Hartford: Land of the Dead

Written by Jim Knipfel on . Posted in Breaking News, Posts.



"I
can handle this," I thought, as I reached street level. So I left my cane
folded up in the bag. The thing I didn’t account for was the fact that,
while there was still light in the distant sky, none of it was reaching down
to the sidewalk.


"Yeah,
I can make this," I assured myself, as I started shuffling down the street
toward home.


Halfway
down that first block, I heard a couple voices approaching. I couldn’t
see them, so I stepped to the right and stood still, to let them pass. As always
happens, though, one of them ran into me. As I was starting to say, "Excuse
me," the man who’d run into me planted his hands on my shoulders and
gave me a firm shove backwards.


"What’s
your problem, friend?" he growled.


I informed
him that he was not, in fact, my friend, but decided against telling him what
my problems were, figuring neither one of us had the time for that right then.
Instead, I pulled out the cane, finally, chastised, and continued on my way.


A few yards
later, I heard an older man’s voice next to me.


"Yeah,
you gotta use the cane, son," he said. "Even the sighted should use
them, it seems."


"Yeah,
uh-huh," I replied.


It was long
past due to take a step out of the city. Just a little one. I’m not much
for traveling in general. I used to travel quite a bit when I was younger–pick
up and go on the slightest whim–but nowadays I mostly find it a frustrating
and exhausting ordeal. But New York had been frustrating and exhausting me lately
all by itself–I was getting knocked around too much. It was time to see
if the world outside–that other dimension that appeared on the television
so often–would behave with any more civility.


I know full
well that shovings and lectures and being knocked about are to be expected in
New York, they’re all part of the contract, but every few years, I just
get a bit tired of it..


Besides,
we–Morgan and I–had a good excuse to get out of town. Our friend Joe
had a big exhibit at a museum in Hartford. Neither one of us had ever been to
Hartford before, so Sunday morning we went to Penn Station and bought our tickets.


The train
was reasonably empty that morning, which was good. We settled in, and relaxed.
It was going to be a three-hour trip.


As we approached
the first stop, New Rochelle, a voice buzzed over the intercom. "Check
around you to make sure you have all your belongings," it suggested, "then
move towards the exits in the rear and get the fuck off the train."


I figured
I’d just misheard. I mishear a lot of things. But then Morgan turned to
me and asked, "Did she just say, ‘Get the fuck off the train’?"


"Yeah,
that’s what I heard."


Funny thing
is, our conductor, or whoever the hell it was, said exactly the same thing at
every stop. Nobody else seemed to notice. Or maybe they just took it for granted.


When we
finally reached the tiny train station in Hartford–it looked like a quaint
enough, lively enough town as we rolled in–we realized that neither one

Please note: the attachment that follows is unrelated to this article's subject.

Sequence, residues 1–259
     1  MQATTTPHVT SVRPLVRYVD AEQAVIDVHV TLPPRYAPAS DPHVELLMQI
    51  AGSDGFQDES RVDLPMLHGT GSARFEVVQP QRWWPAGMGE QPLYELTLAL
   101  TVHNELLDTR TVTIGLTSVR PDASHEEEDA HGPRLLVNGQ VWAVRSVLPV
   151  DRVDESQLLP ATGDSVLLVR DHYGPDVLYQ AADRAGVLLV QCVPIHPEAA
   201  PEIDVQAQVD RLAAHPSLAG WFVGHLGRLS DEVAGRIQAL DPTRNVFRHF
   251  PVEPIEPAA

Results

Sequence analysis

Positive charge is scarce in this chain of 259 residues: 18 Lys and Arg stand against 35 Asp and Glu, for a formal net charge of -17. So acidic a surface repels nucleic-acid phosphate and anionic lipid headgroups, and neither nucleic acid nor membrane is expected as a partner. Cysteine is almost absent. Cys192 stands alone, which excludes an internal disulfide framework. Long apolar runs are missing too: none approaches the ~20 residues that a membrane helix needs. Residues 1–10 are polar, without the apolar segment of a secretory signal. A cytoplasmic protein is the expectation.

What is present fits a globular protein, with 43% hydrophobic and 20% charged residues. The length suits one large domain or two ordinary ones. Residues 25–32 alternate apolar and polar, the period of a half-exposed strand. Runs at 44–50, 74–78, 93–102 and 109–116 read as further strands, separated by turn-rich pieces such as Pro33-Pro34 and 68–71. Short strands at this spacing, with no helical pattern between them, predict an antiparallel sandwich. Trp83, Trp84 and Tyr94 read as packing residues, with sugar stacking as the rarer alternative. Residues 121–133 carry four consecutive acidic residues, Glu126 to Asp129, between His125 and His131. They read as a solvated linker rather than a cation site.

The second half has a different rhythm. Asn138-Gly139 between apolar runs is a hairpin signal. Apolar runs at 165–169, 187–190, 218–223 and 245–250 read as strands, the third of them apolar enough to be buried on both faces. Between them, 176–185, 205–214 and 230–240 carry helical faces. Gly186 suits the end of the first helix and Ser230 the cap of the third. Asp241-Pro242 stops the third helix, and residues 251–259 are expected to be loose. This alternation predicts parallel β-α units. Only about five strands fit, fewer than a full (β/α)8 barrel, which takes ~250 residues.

of us really had much of an idea where we were going. We walked out the front
doors, and were confronted by a maze of freeways. There were no cabs around.
We went back inside. Hell, we had an address. The museum was on Main St.,
for chrissakes–how hard could it be to find?


We looked
around for a bit, trying to pick out someone who might know directions. Stood
in line at the gift shop for awhile, but the line never budged. So we moved
to the security station.


The napping,
uniformed guard in the closed glass booth slowly looked up from his immense
belly, looked through the glass and through us for a moment, then looked down
at his belly again and closed his eyes.


Fortunately,
just inside the back door of the station, we found what appeared to be a bike
cop getting the what-for from what appeared to be his girlfriend. Maybe that’s
why he was so helpful when we asked for directions–and why he doled them
out in such slow, painstaking detail, and for such a long time. When he was
finished, we thanked him, and stepped outside, letting him get back to his personal
business.


It was a
lovely day. Warm and sunny. Still, though, something seemed a bit strange. It
was almost 2 p.m. on a Sunday afternoon, but downtown Hartford was…silent.
Stone-dead silent. The streets were empty. Morgan and

I looked at each other, shrugged,

and started following the policeman’s

directions.


We figured
we’d stop and get a bite and a couple beers before we hit the museum. It’d
been a long trip, and we were hungry. Sunday afternoon, quiet town, should be
simple.


But every
restaurant, every bar we passed was closed.


More than
that, though–every single shop was closed. Quite a few of them had "for
rent" signs in their windows.


"I
hope they don’t have those damn blue laws up here," Morgan said. It
was something we hadn’t even considered, because it was too horrible a
notion to consider.


We kept
walking, and finally passed a bum–our first human contact outside the train
station.


"I
like your hat," he said, as he passed.


"Thanks,"
I said.


"I
bet that hat is seven years old," he smiled. "How old is that hat?"


"Seven
years," I lied. He laughed, and kept walking.